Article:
Nikolas Gvosdev recently proposed an alternative to nation-building:
Nation building is an inherently revolutionary proposition that believes it is both possible and desirable to sweep away the past and install new institutions by fiat. Nation cultivation, in contrast, rests on the observations of Edmund Burke that sustainable, evolutionary change is possible only by working within the existing frameworks bequeathed by tradition and experience.
The greater respect for existing institutions and traditions that this approach entails makes it sound preferable to the sort of upheaval and dislocation that nation-building involves, but “nation cultivation” suffers from a number of the same pitfalls as its more revolutionary counterpart. It still puts an outside government–in this case, ours–in the role of the “cultivator” of another nation, which implies that the outside government has both the right and responsibility to direct and shape the political development of another people. Whether an outside government approaches the task with an engineering or a gardening/farming mentality doesn’t change the reality that it is still an attempt to impose a new political order from outside. “Nation cultivation” might involve grafting new structures onto the old, but it is still an effort to remake another society for our purposes. As such, “nation cultivaton” runs into the same difficulties as nation-building: why should the U.S. be doing this, and why are Americans likely to support a “nation cultivation” project when most of them regard nation-building with disdain?
“Nation cultivation” may seem more realistic and more likely to “work,” but for the same reason it would likely command even less political support than nation-building does. As a concept, “nation cultivation” takes for granted that its success is far from guaranteed, and it assumes a much longer-term commitment than the recent and ongoing multi-year overseas projects that are already very unpopular. Gvosdev acknowledges that “nation cultivation” would require much more time:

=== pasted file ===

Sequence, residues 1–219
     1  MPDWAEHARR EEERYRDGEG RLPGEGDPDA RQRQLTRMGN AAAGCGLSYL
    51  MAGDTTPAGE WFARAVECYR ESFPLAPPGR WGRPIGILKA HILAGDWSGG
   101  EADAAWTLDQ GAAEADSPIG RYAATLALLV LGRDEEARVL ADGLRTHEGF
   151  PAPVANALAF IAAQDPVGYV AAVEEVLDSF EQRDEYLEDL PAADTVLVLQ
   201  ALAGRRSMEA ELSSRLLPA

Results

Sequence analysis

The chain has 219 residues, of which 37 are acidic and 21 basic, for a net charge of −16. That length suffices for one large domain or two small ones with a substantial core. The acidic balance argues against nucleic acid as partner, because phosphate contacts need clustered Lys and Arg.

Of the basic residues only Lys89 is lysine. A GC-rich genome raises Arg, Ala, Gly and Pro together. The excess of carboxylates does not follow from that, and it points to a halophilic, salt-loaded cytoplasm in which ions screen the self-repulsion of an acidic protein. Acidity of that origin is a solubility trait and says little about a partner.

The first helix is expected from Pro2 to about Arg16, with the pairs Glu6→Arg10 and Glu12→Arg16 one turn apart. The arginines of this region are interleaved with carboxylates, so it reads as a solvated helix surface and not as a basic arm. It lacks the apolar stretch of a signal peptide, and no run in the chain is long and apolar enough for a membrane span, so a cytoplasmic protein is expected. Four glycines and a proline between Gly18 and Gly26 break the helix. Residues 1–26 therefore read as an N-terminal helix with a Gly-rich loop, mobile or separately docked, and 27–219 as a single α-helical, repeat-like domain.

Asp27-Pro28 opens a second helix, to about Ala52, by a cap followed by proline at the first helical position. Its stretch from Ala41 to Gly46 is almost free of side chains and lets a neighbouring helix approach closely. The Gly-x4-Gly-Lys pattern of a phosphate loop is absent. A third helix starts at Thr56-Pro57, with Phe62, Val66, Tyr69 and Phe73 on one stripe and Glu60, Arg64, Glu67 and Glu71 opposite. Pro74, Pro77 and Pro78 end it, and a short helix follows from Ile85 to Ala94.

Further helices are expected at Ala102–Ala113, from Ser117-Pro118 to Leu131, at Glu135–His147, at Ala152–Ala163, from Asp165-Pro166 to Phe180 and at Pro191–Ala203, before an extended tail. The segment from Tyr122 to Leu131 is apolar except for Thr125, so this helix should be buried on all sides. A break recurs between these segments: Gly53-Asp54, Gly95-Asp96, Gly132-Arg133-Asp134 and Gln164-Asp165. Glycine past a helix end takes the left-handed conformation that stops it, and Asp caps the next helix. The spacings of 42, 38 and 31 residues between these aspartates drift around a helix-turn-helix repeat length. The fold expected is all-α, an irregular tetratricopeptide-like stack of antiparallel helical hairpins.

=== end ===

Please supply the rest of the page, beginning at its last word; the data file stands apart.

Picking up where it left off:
But nation cultivation might force a new and more honest dialogue with the American people, asking them to commit to longer-term time horizons when it can be shown that nation cultivation is truly in the country’s interests, as it certainly proved to be the case in East Asia.
It might be more honest to tell the public that a given mission is going to last for twenty years instead of three or five, but voters don’t want to hear about 30-year plans to encourage institution-building and political reform in another country at their expense. Besides the public’s impatience and fickleness in its support for overseas missions, it isn’t at all clear that “nation cultivation” would serve the country’s interests in most cases. If the U.S. were to adopt “nation cultivation” in place of the nation-building that has been tried and found wanting in the last twenty years, which nations would the government be “cultivating” and why? The same temptation to throw endless resources at the problem will still be there, as it inevitably is in any large-scale public project, and once such a project gets started the government would have strong incentives to persist in trying to make it a success long after its failure was evident to all. Gvosdev cites the decades-long “nation cultivations” in Taiwan and South Korea as examples, but in both cases U.S. support for these states was directly tied to larger strategic goals in the Cold War. It is unclear what goals the U.S. would be advancing through “nation cultivation” today.